ZFIN ID: ZDB-PUB-190826-15
Bacteria evoke alarm behaviour in zebrafish
Chia, J.S.M., Wall, E.S., Wee, C.L., Rowland, T.A.J., Cheng, R.K., Cheow, K., Guillemin, K., Jesuthasan, S.
Date: 2019
Source: Nature communications   10: 3831 (Journal)
Registered Authors: Guillemin, Karen, Jesuthasan, Suresh
Keywords: none
MeSH Terms:
  • Animal Communication*
  • Animals
  • Animals, Genetically Modified
  • Fear/physiology
  • Giant Cells/metabolism
  • Giant Cells/microbiology
  • Intravital Microscopy
  • Mucus/cytology
  • Mucus/metabolism
  • Mucus/microbiology
  • Neutrophils/metabolism
  • Neutrophils/microbiology
  • Optical Imaging
  • Reflex, Startle/physiology
  • Skin/cytology
  • Skin/metabolism*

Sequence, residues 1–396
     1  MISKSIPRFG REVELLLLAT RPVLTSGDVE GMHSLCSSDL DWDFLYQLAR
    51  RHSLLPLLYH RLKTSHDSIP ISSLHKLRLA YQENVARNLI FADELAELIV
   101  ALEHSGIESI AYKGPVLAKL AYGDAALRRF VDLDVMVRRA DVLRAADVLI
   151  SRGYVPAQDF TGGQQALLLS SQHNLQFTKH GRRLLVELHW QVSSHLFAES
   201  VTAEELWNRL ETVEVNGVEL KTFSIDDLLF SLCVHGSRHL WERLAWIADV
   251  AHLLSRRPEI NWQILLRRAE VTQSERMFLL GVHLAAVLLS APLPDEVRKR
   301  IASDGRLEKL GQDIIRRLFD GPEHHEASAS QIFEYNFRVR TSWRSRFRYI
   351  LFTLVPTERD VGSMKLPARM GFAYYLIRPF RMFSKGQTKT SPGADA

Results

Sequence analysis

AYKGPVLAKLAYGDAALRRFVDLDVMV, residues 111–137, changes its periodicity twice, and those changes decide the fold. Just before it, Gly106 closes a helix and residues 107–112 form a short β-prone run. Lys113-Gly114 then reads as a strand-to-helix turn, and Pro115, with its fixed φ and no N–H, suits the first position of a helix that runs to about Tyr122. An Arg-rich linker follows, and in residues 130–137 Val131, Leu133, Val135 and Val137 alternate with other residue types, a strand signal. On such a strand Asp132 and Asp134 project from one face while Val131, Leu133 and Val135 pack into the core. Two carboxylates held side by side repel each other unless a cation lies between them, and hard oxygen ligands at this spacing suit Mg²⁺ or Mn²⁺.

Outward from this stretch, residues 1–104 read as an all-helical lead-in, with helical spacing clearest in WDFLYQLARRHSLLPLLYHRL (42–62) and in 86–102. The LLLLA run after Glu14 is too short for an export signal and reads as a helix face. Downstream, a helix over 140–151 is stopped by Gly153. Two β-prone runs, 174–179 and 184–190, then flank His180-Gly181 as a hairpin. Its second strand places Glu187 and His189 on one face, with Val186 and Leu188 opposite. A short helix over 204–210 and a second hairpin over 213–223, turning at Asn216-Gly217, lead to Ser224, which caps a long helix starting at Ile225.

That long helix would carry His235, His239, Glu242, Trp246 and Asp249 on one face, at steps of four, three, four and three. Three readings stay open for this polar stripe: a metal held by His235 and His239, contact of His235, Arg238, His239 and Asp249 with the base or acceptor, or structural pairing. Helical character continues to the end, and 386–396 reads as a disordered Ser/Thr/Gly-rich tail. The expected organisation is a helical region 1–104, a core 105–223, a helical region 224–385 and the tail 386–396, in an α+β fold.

• Skin/microbiology
  • Staphylococcus/metabolism*
  • Symbiosis/physiology
  • Zebrafish/injuries
  • Zebrafish/microbiology
  • Zebrafish/physiology*
PubMed: 31444339 Full text @ Nat. Commun.
When injured, fish release an alarm substance (Schreckstoff) that elicits fear in members of their shoal. Although Schreckstoff has been proposed to be produced by club cells in the skin, several observations indicate that these giant cells function primarily in immunity. Previous data indicate that the alarm substance can be isolated from mucus. Here we show that mucus, as well as bacteria, are transported from the external surface into club cells, by cytoplasmic transfer or invasion of cells, including neutrophils. The presence of bacteria inside club cells raises the possibility that the alarm substance may contain a bacterial component. Indeed, lysate from a zebrafish Staphylococcus isolate is sufficient to elicit alarm behaviour, acting in concert with a substance from fish. These results suggest that Schreckstoff, which allows one individual to unwittingly change the emotional state of the surrounding population, derives from two kingdoms and is associated with processes that protect the host from bacteria.